Our Australian governments are in the process of delegating both power and responsibility for provision of public education to big business as well as religious interests. This means the abandonment of one of the key indicia of public education : public provision.

In this our governments are following, the extreme market ideology of the UK and USA which has already foundered in a financial quagmire. And in the process they are selling out the inheritance of future generations into a similar quagmire of financial irresponsibility and sectarian division.

One of the key policy advisers behind this move in Australia is – surprise, surprise, a professorial fellow from Melbourne University - Brian Caldwell. He claims that in England where there are 3100 high schools with 3000 of them having a partnership with business or industry. He also promotes corporate funding by claiming  that ‘it is not some crazy right-wing agenda but a development that has gained its major impetus under a Labor government’, one is only left wondering what has happened to the Labor party in both England and Australia.

The Financial Review of Wednesday 27 January, not only outlines the encroachment of big business into the public education systems of Australia, but the objections raised to recent developments. In an article entitled ‘Schools targeted in Productivity Drive’, we are told that ‘big –name companies from sectors including banking, information technology, mining, energy and defence are injecting cash into schools.’

The federal government has provided $450,000 for a business-schools round table and is understood to have engaged consulting firm PhillipsKPA to study existing company/school partnerships and investigate ways to encourage more of them.

The National Australia Bank has injected $15 million into school-community partnerships. The ex-premier of Victoria, Steve Bracks, chairs the bank’s Schools First education advisory board. The program involves local, state and national prizes for schools that form partnerships with outside organizations such as businesses, government agencies, universities, charities and community groups.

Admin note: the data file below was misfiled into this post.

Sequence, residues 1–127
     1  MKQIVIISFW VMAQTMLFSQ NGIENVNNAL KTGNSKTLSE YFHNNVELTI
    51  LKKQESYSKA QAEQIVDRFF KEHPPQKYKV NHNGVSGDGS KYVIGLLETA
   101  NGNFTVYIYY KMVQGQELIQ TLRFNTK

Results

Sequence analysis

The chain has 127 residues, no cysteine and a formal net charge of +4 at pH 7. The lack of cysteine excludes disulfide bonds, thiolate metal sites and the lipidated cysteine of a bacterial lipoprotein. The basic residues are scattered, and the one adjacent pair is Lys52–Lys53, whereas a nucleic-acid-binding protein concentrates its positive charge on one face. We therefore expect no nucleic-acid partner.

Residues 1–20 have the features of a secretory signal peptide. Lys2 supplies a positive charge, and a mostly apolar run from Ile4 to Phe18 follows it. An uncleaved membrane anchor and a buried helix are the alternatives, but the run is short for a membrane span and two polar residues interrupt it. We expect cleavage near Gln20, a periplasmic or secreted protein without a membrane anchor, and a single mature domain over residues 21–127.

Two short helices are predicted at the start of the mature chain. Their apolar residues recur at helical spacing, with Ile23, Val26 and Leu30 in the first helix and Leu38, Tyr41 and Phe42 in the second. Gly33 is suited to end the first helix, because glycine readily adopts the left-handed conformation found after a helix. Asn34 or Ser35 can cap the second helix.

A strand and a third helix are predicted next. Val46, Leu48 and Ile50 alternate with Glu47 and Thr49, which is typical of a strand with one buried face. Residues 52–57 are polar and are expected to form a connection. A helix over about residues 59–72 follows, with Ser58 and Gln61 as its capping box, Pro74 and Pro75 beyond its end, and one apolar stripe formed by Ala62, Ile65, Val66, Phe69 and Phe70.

The bank’s deputy CEO Michael Ullmer describes the Schools First program as genuine community engagement, not ‘chequebook charity’.

He said it. NAB’s‘Chequebook charity’ is taxation exempt. DOGS point out that by providing the $15 million the National Australia Bank gains taxation exemptions. In other words, instead of paying taxes for the common good, they use taxation exempt funds to promote programs of their choice and gain advertisement for themselves -  in our public schools. Is this how we, as citizens, really want our taxes and tax expenditures used?

The NAB is not the only big business getting on the taxation exemption bandwagon. McDonalds Australia started a Maths Online tutoring program in March last year. They have declined to comment on the amount spent on the program, but they have been criticized by nutritionists and parents groups.

The obesity problem amongst Australian teenagers can do without online advertising of McDonalds alongside maths programs.

Corporate Australia is upfront about what is going on. Business Council of Australia education policy director Patrick Coleman says the primary motivation for corporate investment in education is workforce needs of the future.

Alarm bells are ringing with some supporters of a genuine public education system in which democratic governments accept responsibility for the provision of a free, secular and universal education.

The idea that business is somehow buying its way into schools in order to tap into a future customer base alarms Greens MLC in South Australia, Mark Parnell. He asked the South Australian legislative assembly to ‘note with concern the influence of corporate sponsorship on public education’ after one of the state’e high schools struck a $450,000 three-year deal with a defence company. While Adam Rorri, an education economist and policy analyst with international experience say that while appropriate scrutinized partnerships between business and schools can no doubt add value, the ultimate responsibility for funding public education must rest with governments.

DOGS agree with him that ‘You don’t want to set up a situation where government is absolved of even some responsibility to ensuring that sufficient resources are there for all children to have a good education.’

One of the major hallmarks of a genuine public education system is that it is ‘public in provision’. 



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